It’s becoming increasingly difficult to assess and adjust expectations for WWE pay-per-views.
In the criminally crap planning, promotion and execution of its Seth Rollins/Baron Corbin main event, June’s Stomping Grounds could be graded one of the lousiest shows in company history. A three-sided arena bore the critique out. Yet, half of the card was objectively of a decent standard, and some would subjectively argue more fervently in its favour.
The history books won’t look fondly on the event because of the empty seats and wretched conclusion, but the company haven’t ever cared less about any of that. They were probably more p*ssed off that the show lacked buzz, and only received the worst kind as it went off the air. Perception is reality, but in actual reality, the had enough early on that it was nearly - whisper it - a great pay-per-view.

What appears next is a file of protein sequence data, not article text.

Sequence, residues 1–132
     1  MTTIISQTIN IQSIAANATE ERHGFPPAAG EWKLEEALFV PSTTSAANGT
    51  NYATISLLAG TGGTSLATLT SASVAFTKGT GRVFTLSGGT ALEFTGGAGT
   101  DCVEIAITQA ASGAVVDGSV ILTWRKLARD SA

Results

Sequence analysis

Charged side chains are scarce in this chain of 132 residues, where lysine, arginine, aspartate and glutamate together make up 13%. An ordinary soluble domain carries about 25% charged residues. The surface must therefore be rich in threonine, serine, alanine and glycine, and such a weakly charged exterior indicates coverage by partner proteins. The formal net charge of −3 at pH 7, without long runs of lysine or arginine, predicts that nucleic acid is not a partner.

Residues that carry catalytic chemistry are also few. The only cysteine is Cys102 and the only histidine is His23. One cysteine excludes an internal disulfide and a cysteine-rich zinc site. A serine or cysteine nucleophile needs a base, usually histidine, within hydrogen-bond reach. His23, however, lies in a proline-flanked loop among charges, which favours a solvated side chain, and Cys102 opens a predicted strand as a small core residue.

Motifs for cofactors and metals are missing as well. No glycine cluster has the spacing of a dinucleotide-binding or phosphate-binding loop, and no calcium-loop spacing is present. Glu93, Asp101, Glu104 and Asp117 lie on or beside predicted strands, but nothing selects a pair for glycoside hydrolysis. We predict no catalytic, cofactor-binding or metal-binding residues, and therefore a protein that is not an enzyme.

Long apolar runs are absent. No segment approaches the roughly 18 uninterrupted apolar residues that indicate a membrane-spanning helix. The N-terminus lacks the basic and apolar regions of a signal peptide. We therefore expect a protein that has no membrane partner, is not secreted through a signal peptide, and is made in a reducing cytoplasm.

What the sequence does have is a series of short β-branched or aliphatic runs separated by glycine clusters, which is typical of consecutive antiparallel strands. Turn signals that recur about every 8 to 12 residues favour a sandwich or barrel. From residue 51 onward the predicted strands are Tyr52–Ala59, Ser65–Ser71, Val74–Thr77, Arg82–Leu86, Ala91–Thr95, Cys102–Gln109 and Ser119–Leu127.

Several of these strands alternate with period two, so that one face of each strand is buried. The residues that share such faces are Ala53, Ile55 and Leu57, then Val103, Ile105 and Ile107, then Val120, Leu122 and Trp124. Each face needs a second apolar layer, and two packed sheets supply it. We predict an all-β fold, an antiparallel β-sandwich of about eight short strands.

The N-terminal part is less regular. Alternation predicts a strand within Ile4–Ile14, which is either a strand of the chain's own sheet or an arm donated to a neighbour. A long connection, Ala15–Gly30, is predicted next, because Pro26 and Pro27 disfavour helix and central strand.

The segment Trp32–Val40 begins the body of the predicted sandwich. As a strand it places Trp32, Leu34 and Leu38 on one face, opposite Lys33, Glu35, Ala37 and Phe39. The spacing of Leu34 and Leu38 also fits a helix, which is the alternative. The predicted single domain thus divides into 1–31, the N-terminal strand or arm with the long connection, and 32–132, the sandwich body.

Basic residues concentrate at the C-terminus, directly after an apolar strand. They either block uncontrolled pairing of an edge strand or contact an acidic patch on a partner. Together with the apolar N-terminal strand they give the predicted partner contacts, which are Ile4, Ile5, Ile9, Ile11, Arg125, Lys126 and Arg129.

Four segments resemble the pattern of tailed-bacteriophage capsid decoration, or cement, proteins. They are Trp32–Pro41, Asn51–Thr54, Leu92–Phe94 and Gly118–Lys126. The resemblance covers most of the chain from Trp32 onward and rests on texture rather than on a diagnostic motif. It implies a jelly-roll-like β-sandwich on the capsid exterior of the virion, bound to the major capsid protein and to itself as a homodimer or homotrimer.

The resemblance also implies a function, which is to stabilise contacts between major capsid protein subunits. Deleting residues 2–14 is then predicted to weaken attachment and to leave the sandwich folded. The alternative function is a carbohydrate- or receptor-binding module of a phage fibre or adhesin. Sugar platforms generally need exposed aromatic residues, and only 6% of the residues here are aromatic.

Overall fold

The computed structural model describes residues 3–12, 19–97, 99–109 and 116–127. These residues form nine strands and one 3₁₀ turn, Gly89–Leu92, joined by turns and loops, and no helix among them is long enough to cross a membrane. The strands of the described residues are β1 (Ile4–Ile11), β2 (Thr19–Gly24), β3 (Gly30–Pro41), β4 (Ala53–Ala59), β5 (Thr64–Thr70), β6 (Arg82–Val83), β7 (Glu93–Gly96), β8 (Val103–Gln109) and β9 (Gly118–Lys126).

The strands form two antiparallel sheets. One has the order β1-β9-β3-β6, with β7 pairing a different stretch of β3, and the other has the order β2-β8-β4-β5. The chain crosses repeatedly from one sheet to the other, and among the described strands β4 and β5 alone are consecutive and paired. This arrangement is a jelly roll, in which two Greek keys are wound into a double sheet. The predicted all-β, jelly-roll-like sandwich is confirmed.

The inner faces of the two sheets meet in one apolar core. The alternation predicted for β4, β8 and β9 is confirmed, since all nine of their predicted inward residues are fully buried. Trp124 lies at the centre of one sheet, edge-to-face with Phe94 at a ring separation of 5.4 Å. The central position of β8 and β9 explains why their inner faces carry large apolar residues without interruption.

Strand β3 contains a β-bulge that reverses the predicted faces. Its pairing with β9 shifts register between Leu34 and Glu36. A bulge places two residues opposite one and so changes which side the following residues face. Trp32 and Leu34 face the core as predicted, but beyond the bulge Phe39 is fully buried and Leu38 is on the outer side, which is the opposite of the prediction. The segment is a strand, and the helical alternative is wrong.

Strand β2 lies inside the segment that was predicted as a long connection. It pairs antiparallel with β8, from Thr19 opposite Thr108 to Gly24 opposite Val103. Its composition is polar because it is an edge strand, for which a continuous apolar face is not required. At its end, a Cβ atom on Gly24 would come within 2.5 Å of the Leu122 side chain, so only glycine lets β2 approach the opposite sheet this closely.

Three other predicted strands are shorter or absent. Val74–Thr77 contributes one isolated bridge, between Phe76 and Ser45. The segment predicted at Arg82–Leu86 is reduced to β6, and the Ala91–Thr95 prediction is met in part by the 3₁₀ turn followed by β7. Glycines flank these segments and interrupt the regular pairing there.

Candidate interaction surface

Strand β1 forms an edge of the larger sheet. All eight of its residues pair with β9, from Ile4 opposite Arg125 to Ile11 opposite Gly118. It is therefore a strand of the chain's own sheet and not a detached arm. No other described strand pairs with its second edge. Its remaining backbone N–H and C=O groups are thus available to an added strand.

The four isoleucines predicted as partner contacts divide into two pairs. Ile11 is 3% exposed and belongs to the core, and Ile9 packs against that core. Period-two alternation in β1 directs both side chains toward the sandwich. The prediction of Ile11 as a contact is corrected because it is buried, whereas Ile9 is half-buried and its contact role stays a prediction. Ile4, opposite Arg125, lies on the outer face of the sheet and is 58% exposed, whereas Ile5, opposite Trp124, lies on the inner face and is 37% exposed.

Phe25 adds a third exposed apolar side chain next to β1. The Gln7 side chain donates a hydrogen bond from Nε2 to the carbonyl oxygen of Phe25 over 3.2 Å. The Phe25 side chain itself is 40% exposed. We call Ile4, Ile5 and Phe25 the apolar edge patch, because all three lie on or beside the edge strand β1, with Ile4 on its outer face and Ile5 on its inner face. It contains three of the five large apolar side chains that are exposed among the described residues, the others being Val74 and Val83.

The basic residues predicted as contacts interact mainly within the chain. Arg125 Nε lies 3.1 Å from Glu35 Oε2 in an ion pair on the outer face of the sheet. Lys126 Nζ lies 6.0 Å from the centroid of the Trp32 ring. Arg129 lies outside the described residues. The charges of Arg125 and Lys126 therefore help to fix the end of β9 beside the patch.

Whispering it was all anybody was willing to do before this show, too. On a weekend in which wrestling’s fertile marketplace offered a multitude of options - NJPW's two G1 Climax cards, AEW's Fight For The Fallen and Evolve's anniversary show broadcast on the Network - a July B-show was paradoxically elevated to becoming the last big show from a very big weekend.
A card was assembled that, on paper at least, appeared prepared enough to live up to the billing. As an exhilirating Extreme Rules concluded, it remained increasingly difficult to assess and adjust expectations for WWE pay-per-views...